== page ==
News Release — Green Mountain Care Board Wednesday, April 27, 2016 Contact: Jaime Fisher 802-828-2130 Montpelier, VT – The Green Mountain Care Board (GMCB) will hold the following public meetings in May: Thursday, May 5: (9:30 – 11:00 am) Board Meeting Southwestern Vermont Medical Center Presentation on excess FY15 revenues Located in the GMCB Board […]
Green Mountain Care Board
Money to study health care expansion proposals is not in the Senate’s budget, and money for a Vermont Health Connect study is reduced. New positions at the Green Mountain Care Board are tentative.
Robin Lunge, the director of health care reform for Gov. Peter Shumlin, called it “really premature” to say whether the best and final offer is a signal that the all-payer deal is close to completion.
The medical community should not get involved in placing a hidden tax addition burden on taxpayers. It is not their expertise and it is not good public policy.
Small players in Vermont’s health care system have questioned whether they can trust Todd Moore, the president of OneCare and indirectly, whether they could trust UVM and its CEO, Dr. John Brumsted.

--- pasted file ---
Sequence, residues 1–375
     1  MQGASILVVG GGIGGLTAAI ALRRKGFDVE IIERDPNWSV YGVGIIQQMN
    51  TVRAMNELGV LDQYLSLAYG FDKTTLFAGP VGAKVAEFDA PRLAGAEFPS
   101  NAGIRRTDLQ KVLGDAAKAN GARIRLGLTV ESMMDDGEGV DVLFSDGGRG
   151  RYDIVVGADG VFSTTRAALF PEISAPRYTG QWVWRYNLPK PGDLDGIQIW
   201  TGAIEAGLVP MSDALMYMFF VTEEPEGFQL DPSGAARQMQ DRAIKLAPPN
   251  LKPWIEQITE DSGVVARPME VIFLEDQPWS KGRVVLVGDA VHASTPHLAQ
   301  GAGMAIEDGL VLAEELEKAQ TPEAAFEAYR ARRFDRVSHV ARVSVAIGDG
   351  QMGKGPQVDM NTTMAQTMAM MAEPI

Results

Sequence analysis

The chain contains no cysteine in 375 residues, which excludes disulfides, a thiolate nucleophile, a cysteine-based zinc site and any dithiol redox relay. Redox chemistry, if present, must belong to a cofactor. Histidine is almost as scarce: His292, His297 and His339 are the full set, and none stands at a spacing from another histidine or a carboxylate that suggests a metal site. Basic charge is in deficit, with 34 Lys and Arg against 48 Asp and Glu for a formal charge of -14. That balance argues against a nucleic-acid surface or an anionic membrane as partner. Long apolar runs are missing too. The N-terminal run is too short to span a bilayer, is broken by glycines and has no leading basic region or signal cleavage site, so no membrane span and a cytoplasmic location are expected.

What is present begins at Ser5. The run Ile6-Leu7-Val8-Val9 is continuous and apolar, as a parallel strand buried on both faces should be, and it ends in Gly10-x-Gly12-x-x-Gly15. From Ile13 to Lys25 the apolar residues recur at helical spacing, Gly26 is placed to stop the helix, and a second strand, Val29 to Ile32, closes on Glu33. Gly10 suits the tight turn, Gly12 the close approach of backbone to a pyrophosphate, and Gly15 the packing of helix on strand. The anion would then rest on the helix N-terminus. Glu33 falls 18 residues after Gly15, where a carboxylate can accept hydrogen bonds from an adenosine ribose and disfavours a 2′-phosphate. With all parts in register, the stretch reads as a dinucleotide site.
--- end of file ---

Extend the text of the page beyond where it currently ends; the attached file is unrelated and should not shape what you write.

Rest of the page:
However, regulators rejected the hospital system’s related proposal to spend $3 million setting up an accountable care organization for the all-payer model that the state has been negotiating with the federal government.
An investigation by VTDigger shows that Vermont uses Medicaid money to fund everything from school nurses to UVM’s medical school and the state’s psychiatric hospital.
Tom Huebner, the chief executive officer of Rutland Regional Medical Center, said his hospital is planning to cut how much it charges insurers unless regulators tell him he can’t.
“It’s not their money,” said Sen. Richard Westman. “It’s ratepayers’. It’s people that pay premiums, and it’s the state that runs the Medicaid program.”
The UVM Health Network took in more than allowed in fiscal year 2015. It is proposing to make up for that through investments in population health and a reduction in how much it charges commercial insurers.
In 2012, led by the late Sen. Sally Fox, Vermont became the first state in the nation to limit what insurers could charge patients for the medicines they relied on day to day.
The House Health Care Committee says the bill, H.812, largely codifies federal law and reiterates protections for Vermont’s Medicare beneficiaries.
Budget development is an imperfect science filled with assumptions, estimates and projections.
The Vermont Senate has given unanimous approval to a bill that requires hospitals to send letters to current patients when acquiring new doctors’ offices. The Senate approved S.245 in a voice vote Tuesday morning. The bill is expected to get final approval this week before moving over to the House. The requirement would go into […]